While the Sooners were ultimately upset by the Cougars, Jones impressed his coaches with his demeanor following Bradford's injury.
"You can't fool anybody in the locker room," OU coach Bob Stoops said. "I remember, when we got in at halftime, he was genuinely excited to play, and looking forward to it. That's what you love. He was truly excited about going in to play."
Oklahoma struggled through that 2009 season—inconsistency from Jones being a big reason why. He didn't have the same success-driven attitude as when he first came to OU, but the losses and the struggles still ate away at him.
"I remember he would shut down a lot," Hand recalled. "All the time, he was just consumed with it. Can you blame him? He was put in probably the worst situation you can be put in as an athlete."
Despite the struggles and the grumbling of OU fans, Jones never lashed out or outwardly showed he was cracking under the pressure of insurmountable expectations.
"I think if anyone else had been in his situation the past five years, I'm not sure they would have handled it the same way, or as classy," Hand said. "That first year, I just remember thinking, ‘How are you even trying to live up to these expectations or trying to be another Sam Bradford?' It was just really mind-blowing."
The growth process for Jones didn't stop there. Jones continued to improve on the football field, leading the Sooners to a Big 12 championship and a Fiesta Bowl win in 2010. All the while, Jones continued to grow as a Christian and a man, helped along the way by his pastor.
Chris Bennett and his wife came to Norman in April 2009 to begin a new church, Antioch Community Church. Bennett felt a calling from God to reach out to athletes at OU, and began to pray for open doors in that area. A few months after the couple arrived in Norman, Bennett met Hand, and in the process, met Jones, just a couple of weeks after Jones became the starting quarterback.
Since that initial meeting, Jones and Bennett have become very close, meeting together each week for Bible study and prayer. Bennett has had a front row seat to watch Jones' transformation and understands how difficult it can be for a high-profile athlete to shift the focus of an identity.
"I think that's especially significant in a town like Norman because your identity for a lot of these players is as a football player," Bennett said. "Depending on how you play, your identity can fluctuate in how people view you, what people think about you."
Jones has taken what he has learned from Bennett and used it to teach his teammates more about God and his faith. He meets with several of them and has helped others find a relationship with God of their own. A football team, filled with many athletes and egos, isn't always the easiest place to talk with others about God, but Jones has always found someone eager to grow.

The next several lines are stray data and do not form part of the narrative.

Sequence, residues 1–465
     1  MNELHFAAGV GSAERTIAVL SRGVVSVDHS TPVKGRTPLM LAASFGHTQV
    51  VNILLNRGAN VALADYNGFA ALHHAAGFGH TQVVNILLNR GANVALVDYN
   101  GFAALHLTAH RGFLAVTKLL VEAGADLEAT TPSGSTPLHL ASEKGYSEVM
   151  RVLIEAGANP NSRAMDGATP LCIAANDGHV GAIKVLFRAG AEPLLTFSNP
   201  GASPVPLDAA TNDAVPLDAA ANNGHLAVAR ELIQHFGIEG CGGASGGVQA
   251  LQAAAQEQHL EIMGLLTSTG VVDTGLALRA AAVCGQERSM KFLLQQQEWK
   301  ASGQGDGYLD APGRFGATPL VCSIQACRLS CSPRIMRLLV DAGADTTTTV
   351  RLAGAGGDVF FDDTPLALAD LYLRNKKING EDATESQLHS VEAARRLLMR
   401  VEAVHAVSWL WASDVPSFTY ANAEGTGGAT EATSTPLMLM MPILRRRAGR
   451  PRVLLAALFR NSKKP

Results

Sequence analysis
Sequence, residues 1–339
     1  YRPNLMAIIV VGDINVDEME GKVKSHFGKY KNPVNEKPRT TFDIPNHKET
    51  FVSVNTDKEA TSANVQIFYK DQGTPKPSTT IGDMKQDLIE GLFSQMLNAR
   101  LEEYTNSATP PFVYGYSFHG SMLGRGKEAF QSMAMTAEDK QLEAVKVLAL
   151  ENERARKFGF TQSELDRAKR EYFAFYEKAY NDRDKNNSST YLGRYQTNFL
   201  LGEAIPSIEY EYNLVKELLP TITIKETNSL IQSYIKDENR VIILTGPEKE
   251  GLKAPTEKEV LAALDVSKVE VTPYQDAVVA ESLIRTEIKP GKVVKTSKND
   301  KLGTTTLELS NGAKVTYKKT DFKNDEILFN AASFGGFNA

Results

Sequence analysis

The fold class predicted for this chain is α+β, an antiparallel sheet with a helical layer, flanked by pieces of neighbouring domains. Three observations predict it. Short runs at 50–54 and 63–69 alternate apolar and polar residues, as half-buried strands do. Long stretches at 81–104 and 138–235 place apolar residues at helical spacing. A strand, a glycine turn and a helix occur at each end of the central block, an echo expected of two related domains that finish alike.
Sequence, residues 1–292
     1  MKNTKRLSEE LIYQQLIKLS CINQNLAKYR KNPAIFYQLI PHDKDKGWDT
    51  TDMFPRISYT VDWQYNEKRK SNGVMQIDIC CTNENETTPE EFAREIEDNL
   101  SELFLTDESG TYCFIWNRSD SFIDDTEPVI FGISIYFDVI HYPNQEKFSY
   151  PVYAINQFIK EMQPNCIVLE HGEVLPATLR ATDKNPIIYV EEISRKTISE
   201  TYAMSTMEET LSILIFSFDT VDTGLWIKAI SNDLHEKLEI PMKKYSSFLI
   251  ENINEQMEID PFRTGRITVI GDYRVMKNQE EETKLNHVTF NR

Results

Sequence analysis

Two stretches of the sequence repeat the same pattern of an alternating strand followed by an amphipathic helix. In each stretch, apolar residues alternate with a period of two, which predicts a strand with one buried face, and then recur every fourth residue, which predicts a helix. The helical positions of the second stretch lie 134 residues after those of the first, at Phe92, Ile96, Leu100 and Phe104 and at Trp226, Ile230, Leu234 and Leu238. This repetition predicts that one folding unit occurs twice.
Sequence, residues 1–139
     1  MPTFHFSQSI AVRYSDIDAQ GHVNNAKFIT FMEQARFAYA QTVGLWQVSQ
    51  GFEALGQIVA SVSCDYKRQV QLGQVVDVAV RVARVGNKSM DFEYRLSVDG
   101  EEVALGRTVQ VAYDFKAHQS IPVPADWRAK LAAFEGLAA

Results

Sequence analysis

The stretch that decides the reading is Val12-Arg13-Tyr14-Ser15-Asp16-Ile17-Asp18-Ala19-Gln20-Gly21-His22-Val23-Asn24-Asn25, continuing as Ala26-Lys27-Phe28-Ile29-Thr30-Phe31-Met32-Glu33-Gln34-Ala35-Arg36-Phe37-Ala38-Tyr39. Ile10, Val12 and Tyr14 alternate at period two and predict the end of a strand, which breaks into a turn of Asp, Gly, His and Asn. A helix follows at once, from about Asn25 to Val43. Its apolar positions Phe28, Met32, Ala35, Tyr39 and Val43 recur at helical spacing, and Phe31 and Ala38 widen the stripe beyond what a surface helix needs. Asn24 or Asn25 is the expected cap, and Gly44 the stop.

"You just have to find the guys who want it," Jones said. "You have to find the people who are hungry about God. You have opportunities to share your faith with someone and if they accept it, then you have the opportunity to start walking with them.
"The opportunity you get to have with men on this team that other people don't get to have, I think that's one of the big things as being a quarterback and being a leader of this team that you have the opportunity to do."
Jones ministering to his teammates is just a small part of the manifestation of his desire to go into ministry in some facet once his football days are done. Jones first felt the calling two years ago, but doesn't know where that calling will lead him.
"At first I didn't know what that looked like, maybe be a pastor and then the more and more I get involved in sports, the more and more maybe it's something to do with sports," Jones said. "You never know what's going to happen. I might still be on this path with another team in the NFL. You never know what he (God) has for you and what he wants you to do."
Despite Jones' transformation as a person and continued success on the football field, he could never gain much ground with the fan base. Jones has never concerned himself with the criticism aimed at him, but he's well aware of the winning tradition at Oklahoma and the expectations for the football team.
"We have won so many games around this place and this community expects a lot out of their players, which is great, but you sometimes feel the pressure of that," Jones said. "At the end of the day you have to live up those expectations and you have to play well."
What the spectators in the stands have to say doesn't bother Jones, but it has had an effect on those closest to him.